Leela Chess and Non Zero Chess and neural networks

The Way Forward

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The Way Forward

With this post we hope to give an overview of where the project is now and where it is going. In particular, we’ll address the status of the main training pipeline and the new test pipeline.

A brief history of Leela Chess Zero

With the advent of Alpha Go Zero, the hunt was on to reproduce Deepmind’s results. Leela Zero was a project to develop a Go playing engine with a Neural Network (NN) directing a Monte Carlo Tree Search (MCTS) algorithm. To make up for a lack of resources, a distributed effort was launched. The publication of the Alpha Zero paper for chess and shogi prompted a similar effort for chess.

Leela Chess Zero (LCZ) is an adaptation of Leela Zero to chess, using Stockfish’s position representation and move generation.

Bugs and self play

Leela Chess Zero has had a number of issues and bugs that affected its play. In roughly chronological order, they are:

  1. Move count disabled
  2. Underpromotion
  3. First Play Urgency (FPU)
  4. Two inputs to the Neural Network (rule50 and the all 1s plane) were not connected properly.
  5. Oversampling
  6. Rule 50 not normalized

We’ll go into each of these in greater depths in future posts.

Since LCZ trains its neural network from self play games, these bugs have affected the play and, consequently, its training. The underpromotion bug, for example, resulted in the black side not promoting pawns to queens. Fixing the bugs improved play and in some cases the network played its way out of the problem, in others the recovery was slow or incomplete.

Since the mainline network didn’t seem to be recovering fully, a decision was made to bootstrap a network from scratch on self play games that were not directly affected by bugs. This network was placed into the main training pipeline as ID396 on June 10th, 2018 and has been the root of subsequent nets. (Another bootstrap network was placed into the training pipeline on June 17th.)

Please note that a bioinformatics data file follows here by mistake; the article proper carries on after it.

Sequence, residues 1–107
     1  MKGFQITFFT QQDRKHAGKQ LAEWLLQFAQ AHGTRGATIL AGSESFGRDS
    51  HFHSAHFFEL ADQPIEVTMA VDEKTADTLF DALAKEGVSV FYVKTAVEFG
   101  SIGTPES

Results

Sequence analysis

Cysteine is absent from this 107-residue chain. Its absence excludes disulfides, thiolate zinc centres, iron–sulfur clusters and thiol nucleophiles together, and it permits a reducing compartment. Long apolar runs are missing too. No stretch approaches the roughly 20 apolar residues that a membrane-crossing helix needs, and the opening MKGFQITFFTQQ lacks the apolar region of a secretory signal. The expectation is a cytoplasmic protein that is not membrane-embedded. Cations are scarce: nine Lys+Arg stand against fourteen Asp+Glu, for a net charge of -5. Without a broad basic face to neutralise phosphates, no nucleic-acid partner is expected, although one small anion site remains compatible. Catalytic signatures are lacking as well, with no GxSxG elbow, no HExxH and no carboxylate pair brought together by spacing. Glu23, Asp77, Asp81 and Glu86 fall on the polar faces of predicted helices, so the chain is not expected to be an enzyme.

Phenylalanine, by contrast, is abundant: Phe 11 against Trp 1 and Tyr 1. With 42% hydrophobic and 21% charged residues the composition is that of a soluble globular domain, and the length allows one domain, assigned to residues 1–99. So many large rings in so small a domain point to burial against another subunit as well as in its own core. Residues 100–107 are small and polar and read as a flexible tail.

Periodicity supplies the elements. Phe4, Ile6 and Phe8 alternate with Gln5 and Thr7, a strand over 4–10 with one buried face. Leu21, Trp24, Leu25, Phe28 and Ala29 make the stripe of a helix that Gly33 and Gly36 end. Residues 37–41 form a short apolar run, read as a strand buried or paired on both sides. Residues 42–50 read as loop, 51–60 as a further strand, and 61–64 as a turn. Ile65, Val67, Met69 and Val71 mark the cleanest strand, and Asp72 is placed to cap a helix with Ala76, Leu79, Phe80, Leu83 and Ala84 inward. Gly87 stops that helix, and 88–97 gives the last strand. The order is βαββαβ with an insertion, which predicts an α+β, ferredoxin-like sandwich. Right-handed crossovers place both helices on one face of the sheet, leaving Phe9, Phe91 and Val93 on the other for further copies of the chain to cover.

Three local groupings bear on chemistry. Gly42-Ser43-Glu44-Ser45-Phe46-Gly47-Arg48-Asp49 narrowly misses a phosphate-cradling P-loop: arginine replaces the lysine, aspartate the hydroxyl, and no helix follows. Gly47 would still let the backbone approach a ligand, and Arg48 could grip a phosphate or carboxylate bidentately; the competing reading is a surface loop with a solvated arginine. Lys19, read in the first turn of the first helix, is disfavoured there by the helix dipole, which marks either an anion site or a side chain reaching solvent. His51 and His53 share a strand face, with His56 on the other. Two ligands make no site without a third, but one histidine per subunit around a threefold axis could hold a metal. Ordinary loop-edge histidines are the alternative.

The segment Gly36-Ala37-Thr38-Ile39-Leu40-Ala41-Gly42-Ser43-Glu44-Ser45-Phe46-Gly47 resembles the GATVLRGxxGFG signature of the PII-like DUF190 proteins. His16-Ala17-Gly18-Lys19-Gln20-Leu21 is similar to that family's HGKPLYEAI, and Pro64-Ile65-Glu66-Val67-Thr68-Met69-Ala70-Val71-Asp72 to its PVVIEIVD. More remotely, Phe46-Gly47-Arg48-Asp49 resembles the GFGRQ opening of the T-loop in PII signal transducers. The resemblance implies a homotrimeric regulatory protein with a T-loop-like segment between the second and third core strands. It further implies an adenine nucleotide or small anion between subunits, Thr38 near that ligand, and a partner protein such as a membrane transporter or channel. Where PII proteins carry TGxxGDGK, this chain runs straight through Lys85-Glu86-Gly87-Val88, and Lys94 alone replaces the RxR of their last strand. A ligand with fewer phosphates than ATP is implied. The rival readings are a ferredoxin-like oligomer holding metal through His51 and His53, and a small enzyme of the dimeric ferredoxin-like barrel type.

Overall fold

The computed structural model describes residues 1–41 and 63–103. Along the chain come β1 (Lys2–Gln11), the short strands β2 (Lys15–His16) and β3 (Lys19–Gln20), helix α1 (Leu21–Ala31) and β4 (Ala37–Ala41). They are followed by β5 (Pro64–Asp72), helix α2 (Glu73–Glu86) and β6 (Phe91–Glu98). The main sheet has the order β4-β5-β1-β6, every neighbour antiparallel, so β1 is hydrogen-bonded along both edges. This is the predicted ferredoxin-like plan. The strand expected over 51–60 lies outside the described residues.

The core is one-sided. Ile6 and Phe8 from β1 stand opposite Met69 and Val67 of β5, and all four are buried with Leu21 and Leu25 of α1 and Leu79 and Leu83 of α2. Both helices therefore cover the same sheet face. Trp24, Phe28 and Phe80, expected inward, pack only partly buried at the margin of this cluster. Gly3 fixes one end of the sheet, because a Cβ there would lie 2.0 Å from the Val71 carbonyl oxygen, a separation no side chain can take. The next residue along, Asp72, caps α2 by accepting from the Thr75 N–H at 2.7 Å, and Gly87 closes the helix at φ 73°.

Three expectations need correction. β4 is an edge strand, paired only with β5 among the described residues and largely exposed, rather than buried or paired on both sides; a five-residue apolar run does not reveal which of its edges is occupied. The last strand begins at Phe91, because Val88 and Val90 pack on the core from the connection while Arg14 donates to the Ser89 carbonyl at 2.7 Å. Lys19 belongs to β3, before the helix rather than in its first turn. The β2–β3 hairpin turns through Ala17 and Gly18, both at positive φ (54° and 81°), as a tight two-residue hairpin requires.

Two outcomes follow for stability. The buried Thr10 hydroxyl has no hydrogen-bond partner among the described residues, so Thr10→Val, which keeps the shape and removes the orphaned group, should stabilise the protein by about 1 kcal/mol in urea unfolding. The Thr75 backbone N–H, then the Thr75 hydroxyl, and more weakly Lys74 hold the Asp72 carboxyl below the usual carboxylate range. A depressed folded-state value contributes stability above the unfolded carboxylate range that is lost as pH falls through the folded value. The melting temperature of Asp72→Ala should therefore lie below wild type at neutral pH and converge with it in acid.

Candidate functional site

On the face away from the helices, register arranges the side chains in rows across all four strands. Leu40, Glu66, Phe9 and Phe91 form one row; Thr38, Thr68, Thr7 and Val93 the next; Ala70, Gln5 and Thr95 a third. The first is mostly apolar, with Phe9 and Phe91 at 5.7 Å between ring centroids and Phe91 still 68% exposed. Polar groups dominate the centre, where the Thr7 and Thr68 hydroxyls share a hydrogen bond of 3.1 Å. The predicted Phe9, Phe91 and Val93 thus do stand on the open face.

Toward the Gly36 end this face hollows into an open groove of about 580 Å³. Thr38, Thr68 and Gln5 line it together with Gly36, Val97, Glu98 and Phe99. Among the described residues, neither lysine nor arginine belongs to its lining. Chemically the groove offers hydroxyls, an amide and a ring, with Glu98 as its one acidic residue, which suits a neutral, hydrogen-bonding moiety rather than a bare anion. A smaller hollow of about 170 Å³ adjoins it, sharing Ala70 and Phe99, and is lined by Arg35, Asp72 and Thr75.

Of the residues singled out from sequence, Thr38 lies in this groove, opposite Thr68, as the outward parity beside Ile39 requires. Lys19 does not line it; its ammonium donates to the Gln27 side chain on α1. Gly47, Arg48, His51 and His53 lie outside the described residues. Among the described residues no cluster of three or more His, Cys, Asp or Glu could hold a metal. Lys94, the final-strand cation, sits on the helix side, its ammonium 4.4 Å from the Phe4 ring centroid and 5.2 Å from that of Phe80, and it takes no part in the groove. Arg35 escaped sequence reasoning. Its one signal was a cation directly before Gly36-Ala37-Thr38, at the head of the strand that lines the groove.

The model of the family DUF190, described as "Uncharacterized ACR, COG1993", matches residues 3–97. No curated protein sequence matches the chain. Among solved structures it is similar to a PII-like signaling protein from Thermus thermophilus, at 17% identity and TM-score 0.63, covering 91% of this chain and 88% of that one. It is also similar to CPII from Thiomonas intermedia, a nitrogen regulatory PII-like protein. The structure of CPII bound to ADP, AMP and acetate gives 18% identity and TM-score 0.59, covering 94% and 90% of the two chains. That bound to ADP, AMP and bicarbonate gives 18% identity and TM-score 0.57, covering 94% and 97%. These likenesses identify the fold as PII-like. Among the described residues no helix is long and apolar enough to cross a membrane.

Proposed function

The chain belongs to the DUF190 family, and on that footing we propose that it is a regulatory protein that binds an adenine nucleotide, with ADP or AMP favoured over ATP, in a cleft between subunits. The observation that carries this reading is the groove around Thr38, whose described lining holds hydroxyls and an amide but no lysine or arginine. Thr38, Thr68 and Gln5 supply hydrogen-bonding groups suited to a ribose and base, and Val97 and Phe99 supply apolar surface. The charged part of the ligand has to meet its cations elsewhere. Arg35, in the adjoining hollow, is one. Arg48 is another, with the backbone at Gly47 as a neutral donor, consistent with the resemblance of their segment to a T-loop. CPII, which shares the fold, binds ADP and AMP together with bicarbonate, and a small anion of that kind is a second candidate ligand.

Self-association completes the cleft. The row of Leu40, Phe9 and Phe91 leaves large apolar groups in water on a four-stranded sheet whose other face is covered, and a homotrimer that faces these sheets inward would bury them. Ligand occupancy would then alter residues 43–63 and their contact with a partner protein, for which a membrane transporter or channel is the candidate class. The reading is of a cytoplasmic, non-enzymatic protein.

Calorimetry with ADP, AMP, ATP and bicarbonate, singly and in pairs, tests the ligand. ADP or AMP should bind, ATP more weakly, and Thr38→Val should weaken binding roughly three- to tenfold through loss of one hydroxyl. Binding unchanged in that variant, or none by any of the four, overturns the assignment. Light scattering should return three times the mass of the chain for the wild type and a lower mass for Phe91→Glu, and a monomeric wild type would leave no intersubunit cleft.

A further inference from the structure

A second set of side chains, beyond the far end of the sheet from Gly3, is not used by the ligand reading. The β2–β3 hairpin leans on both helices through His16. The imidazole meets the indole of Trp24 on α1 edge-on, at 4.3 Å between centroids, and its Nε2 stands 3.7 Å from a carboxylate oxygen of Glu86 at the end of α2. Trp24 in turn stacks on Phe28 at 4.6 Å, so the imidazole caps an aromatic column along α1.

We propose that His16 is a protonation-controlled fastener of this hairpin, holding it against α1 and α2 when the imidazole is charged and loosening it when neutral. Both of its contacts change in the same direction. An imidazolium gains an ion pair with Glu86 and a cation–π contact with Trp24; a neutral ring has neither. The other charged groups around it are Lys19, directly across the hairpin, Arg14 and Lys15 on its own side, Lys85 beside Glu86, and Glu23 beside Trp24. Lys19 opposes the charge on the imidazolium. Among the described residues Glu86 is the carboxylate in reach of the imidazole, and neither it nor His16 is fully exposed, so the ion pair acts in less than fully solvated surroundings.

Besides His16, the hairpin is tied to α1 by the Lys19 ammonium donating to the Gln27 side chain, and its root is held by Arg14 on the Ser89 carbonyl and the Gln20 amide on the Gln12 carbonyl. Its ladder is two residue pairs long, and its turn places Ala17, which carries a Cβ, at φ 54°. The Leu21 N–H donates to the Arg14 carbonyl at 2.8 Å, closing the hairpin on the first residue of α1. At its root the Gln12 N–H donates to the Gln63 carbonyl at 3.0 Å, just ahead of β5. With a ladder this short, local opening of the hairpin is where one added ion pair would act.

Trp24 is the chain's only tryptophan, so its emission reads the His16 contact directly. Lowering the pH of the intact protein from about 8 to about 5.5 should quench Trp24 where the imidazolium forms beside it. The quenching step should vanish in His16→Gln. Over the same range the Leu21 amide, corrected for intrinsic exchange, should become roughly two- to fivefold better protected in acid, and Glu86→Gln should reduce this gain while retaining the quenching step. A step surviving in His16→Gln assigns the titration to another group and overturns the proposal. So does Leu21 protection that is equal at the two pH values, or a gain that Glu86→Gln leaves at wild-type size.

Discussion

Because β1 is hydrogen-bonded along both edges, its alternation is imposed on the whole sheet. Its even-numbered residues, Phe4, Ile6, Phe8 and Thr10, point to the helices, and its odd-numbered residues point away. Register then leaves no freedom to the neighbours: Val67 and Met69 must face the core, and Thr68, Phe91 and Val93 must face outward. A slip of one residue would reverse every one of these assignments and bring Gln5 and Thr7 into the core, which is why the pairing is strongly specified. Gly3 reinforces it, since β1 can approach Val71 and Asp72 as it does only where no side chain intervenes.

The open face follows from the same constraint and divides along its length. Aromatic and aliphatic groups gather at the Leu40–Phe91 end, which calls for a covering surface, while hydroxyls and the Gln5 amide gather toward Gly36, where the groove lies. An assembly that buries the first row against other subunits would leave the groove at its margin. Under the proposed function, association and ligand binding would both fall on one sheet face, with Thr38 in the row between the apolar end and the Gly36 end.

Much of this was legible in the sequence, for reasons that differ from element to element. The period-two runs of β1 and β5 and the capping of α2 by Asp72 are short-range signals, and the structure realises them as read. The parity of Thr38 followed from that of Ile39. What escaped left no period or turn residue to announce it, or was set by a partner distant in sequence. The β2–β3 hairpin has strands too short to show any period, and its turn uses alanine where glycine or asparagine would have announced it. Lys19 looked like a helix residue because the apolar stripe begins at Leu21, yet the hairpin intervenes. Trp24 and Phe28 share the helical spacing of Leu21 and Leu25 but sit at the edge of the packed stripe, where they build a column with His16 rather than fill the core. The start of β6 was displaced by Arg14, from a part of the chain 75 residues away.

TCEC Season 13

Which network will be used for TCEC Season 13? That depends on a number of factors.

  1. What hardware will be available? LCZ runs much better on GPU’s. Rumor has it that GPU’s may or may not be available. Stay tuned for a future blog post
  2. How far will the rating have recovered after the bootstrap net?
  3. Will a new pipeline be able to produce a super strong 128x10 net that will run better on CPU?

lczero, lc0 and the test pipeline

Soon after the start of the Leela Chess Zero project, some on the team, led by Alexander Lyashuk (@crem on the discord chat), started an effort to rewrite the engine from scratch. Once all was said and done, the new engine – dubbed lc0 – was able to search 4-8 times quicker than the original lczero on NVIDIA GPU’s. This held great promise for increasing the number of training games.

In order to test the new engine and several other ideas, the team created a test training pipeline where they have been trying out new ideas and processes. They’ve trained several generations of neural networks from scratch to see which NN hyperparameters give the best results. They are also experimenting with features like automatic resignation to increase the quantity and quality of self play training games.

Future Plans

Once all the issues have been shaken out, the team anticipates rolling out the new software to train networks in the main pipeline from scratch. The team is planning to start with a 256x20 net but will train 64x6, 128x10 and 192x15 nets at the same time so that leela enthusiasts will have strong smaller nets that will run on their specific hardware platforms.

With the performance of lc0, the pace of training should be prodigious indeed. Stay tuned for announcements as the rollout date approaches.

Copyright (c) 2018 Dietrich Kappe